The fourth play “A Sheep in the Hand is Worth Two in the Barn” by Garrick Dietze was probably my least favorite. I was completely lost the entire time. I got that it was supposed to have something to do with Cain (Ari Newman) and Abel (Jason Kruger) from the Bible, but I felt that it assumed the audience knew a great deal about Cain and Abel’s story, and I definitely do not. So I found myself lost right from the get go, and the added layer of the characters knowing that they were in a dream and trying to figure out why they were being dreamed about certainly did not ease my confusion. (I feel like even writing that sentence was confusing…) Jason Kruger was very funny in this one, but it didn’t make up for the fact that I had no idea what was going on and found myself just waiting for it to end instead of enjoying the performance.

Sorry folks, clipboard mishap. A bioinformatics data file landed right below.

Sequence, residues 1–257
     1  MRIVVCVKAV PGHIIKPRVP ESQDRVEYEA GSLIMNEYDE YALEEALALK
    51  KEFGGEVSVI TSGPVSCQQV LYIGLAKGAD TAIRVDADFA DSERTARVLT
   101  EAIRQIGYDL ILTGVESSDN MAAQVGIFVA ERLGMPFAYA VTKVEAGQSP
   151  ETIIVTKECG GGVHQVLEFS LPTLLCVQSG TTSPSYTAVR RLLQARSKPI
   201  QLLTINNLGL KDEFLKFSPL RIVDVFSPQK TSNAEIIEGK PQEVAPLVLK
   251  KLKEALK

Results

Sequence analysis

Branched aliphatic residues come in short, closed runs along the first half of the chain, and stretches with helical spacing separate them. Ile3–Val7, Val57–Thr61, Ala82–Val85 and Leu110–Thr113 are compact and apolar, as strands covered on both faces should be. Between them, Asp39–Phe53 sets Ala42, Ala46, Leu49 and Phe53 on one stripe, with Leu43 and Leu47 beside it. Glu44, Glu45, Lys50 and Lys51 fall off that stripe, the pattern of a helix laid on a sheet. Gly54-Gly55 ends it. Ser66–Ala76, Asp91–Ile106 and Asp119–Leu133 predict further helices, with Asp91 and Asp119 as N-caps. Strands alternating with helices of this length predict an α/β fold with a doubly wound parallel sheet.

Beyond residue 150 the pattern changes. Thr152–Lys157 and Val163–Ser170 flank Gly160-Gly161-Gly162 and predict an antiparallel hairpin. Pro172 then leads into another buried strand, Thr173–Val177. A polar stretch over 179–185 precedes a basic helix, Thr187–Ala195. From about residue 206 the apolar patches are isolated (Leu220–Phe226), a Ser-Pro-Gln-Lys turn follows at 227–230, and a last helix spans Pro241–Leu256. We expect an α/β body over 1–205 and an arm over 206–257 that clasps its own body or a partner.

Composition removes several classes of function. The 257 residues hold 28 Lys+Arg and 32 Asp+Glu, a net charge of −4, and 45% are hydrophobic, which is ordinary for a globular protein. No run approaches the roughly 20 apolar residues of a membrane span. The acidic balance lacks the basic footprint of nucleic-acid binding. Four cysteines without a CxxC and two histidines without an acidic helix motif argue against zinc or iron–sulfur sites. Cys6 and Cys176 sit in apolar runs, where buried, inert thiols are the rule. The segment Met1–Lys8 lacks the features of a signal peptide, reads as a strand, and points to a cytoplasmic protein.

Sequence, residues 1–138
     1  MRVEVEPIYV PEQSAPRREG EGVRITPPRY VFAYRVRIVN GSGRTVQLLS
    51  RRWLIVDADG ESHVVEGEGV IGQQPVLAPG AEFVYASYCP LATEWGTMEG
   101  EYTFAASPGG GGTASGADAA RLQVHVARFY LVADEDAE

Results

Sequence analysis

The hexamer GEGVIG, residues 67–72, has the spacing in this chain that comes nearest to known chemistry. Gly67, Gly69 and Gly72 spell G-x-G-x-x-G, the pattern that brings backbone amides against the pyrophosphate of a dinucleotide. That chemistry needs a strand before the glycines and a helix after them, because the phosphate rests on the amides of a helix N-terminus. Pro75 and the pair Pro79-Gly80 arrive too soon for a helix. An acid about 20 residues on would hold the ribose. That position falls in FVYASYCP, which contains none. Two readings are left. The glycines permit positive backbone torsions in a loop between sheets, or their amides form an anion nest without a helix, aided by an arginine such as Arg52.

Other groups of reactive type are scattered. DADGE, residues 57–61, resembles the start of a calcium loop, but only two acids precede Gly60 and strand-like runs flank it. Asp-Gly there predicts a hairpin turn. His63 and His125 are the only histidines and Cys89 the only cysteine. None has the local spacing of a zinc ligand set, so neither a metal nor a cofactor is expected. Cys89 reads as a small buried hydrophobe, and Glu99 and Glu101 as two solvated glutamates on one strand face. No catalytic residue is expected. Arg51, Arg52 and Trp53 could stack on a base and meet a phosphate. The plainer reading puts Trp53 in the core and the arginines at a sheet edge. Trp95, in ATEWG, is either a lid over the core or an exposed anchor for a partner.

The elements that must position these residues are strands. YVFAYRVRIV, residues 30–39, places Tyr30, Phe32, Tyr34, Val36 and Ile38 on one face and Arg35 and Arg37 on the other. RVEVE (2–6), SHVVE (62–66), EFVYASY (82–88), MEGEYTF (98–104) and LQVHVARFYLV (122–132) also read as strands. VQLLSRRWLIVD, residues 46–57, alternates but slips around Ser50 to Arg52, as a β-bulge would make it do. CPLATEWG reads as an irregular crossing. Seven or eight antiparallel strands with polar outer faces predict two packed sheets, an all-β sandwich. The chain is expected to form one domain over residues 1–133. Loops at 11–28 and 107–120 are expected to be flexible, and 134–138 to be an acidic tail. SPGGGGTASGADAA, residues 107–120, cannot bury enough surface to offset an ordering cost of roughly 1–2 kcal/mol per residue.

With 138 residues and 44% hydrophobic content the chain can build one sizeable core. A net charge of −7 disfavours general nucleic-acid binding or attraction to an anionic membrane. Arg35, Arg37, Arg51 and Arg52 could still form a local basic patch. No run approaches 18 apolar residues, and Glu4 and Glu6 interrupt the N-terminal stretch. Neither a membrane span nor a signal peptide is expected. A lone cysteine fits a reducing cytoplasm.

The final play of the show, however, was excellent! Hoorah! “Oz” by Denzil Belin is set in a gay bar and told by a bartender, Dorothy (Maretta Zilic). Right out of the gate, Dorothy informs the audience that this would be different than the majority of gay media out there; this would be a happy story. The general plot is that two Wednesday afternoon regulars, Remy (Kaz Loren) and Ian (Jason Kruger), are clearly interested in each other but too shy to do anything about it. Each man tells Dorothy their separate but very similar daydream of finally interacting with the mysterious individual sitting across from them, and Dorothy attempts to bring them together in real life. This play was colorful, heartwarming, and funny. “Oz” was so good that it kind of made up for the head scratchers that preceded it.
Although I wouldn’t see Fearless Five: Dreams again myself, I would like to see other productions by this company. The cast was talented, and when the writing did work, it worked quite well. I think the dream theme just wasn’t my cup of tea. If you’re into more experimental kinds of theater, this might be a huge hit for you! By all means, support local artists and go see it! In the meantime, I’ll be waiting for next year’s new play festival, which hopefully will bring a theme that jives a little more with my interests.
Fearless Five: Dreams is playing at the Mounds Theatre in St. Paul through March 7.